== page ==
Prototype pattern refers to creating duplicate object while keeping performance in mind. This type of design pattern comes under creational pattern as this pattern provides one of the best way to create an object.
- Specify the kinds of objects to create using a prototypical instance, and create new objects by copying this prototype.
- Co-opt one instance of a class for use as a breeder of all future instances.
newoperator considered harmful.
Application “hard wires” the class of object to create in each “new” expression.
Rules of thumb
- Sometimes creational patterns are competitors: there are cases when either Prototype or Abstract Factory could be used properly. At other times they are complementory: Abstract Factory might store a set of Prototypes from which to clone and return product objects. Abstract Factory, Builder, and Prototype can use Singleton in their implementations.
- Abstract Factory classes are often implemented with Factory Methods, but they can be implemented using Prototype.
- Factory Method: creation through inheritance. Protoype: creation through delegation.
- Often, designs start out using Factory Method (less complicated, more customizable, subclasses proliferate) and evolve toward Abstract Factory, Protoype, or Builder (more flexible, more complex) as the designer discovers where more flexibility is needed.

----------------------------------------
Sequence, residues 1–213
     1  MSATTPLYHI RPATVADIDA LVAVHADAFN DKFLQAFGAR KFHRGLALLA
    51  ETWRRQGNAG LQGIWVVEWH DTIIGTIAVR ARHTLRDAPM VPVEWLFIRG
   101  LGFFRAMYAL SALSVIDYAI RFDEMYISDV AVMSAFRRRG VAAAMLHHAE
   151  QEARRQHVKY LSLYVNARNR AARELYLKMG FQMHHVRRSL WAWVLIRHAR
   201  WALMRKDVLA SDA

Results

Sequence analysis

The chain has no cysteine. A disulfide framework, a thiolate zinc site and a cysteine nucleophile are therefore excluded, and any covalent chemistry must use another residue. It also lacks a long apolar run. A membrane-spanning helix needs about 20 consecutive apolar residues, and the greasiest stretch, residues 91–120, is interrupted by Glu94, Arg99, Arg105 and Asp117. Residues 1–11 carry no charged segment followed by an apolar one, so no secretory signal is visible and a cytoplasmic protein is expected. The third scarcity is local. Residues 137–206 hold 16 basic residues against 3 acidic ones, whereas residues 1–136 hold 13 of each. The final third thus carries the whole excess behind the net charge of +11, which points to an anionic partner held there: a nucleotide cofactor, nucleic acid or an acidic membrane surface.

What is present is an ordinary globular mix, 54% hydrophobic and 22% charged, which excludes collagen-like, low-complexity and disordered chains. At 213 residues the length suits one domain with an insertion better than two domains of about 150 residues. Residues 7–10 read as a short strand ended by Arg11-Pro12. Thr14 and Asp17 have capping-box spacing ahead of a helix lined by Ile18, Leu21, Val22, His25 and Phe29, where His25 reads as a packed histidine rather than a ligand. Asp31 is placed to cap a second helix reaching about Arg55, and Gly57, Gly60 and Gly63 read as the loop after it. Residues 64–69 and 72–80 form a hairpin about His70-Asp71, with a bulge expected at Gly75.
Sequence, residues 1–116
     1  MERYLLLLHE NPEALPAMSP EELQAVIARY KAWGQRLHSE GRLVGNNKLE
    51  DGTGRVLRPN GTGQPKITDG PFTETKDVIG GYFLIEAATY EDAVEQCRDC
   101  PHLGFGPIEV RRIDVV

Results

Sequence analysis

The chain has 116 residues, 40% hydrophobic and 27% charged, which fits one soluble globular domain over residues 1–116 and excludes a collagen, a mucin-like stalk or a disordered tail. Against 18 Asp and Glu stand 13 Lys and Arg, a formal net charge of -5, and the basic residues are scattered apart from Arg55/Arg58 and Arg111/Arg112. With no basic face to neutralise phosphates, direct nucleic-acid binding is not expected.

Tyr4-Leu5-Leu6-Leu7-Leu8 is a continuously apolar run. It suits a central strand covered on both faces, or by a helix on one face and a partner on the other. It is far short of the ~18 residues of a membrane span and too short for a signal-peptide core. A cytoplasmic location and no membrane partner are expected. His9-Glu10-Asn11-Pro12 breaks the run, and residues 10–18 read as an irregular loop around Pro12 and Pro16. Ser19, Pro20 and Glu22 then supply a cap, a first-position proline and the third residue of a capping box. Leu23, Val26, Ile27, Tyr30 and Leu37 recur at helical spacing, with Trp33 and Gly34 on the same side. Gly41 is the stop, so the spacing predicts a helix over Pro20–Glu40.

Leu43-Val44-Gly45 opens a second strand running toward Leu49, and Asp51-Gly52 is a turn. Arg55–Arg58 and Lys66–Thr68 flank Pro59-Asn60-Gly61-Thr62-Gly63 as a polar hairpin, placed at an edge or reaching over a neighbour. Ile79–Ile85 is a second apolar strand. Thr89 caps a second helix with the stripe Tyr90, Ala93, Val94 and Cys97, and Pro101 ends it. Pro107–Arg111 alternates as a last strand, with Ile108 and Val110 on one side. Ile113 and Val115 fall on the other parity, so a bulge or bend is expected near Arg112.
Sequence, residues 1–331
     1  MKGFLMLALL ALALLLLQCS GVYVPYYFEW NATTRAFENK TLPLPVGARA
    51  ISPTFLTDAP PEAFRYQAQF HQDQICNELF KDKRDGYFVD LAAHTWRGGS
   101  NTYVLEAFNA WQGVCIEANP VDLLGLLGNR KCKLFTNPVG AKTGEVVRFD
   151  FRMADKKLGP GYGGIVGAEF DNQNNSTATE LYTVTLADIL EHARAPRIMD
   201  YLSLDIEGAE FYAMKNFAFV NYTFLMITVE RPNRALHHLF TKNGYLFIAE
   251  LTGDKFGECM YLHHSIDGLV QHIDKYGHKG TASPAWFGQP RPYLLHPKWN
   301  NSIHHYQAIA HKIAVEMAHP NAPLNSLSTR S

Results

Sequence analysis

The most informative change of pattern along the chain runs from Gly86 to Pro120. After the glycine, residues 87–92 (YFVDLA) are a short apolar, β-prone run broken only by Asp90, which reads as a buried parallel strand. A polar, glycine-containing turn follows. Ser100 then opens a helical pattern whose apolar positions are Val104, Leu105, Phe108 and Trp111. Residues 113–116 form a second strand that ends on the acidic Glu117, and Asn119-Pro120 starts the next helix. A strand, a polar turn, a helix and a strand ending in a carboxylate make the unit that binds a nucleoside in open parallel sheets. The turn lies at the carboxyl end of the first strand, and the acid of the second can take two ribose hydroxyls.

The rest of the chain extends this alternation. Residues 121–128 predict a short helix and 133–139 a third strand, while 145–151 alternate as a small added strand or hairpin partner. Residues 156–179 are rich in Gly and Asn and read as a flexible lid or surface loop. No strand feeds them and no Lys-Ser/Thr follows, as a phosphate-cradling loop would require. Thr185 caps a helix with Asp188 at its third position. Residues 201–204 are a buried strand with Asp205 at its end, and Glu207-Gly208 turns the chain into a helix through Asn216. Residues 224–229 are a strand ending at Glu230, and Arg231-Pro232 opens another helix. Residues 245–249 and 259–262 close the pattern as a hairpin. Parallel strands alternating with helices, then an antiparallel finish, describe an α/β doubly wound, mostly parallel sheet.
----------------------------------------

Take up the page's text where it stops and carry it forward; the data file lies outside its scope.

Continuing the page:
- Prototype doesn’t require subclassing, but it does require an “initialize” operation. Factory Method requires subclassing, but doesn’t require Initialize.
- Designs that make heavy use of the Composite and Decorator patterns often can benefit from Prototype as well.
- Prototype co-opts one instance of a class for use as a breeder of all future instances.
- Prototypes are useful when object initialization is expensive, and you anticipate few variations on the initialization parameters. In this context, Prototype can avoid expensive “creation from scratch”, and support cheap cloning of a pre-initialized prototype.
- Prototype is unique among the other creational patterns in that it doesn’t require a class – only an object. Object-oriented languages like Self and Omega that do away with classes completely rely on prototypes for creating new objects.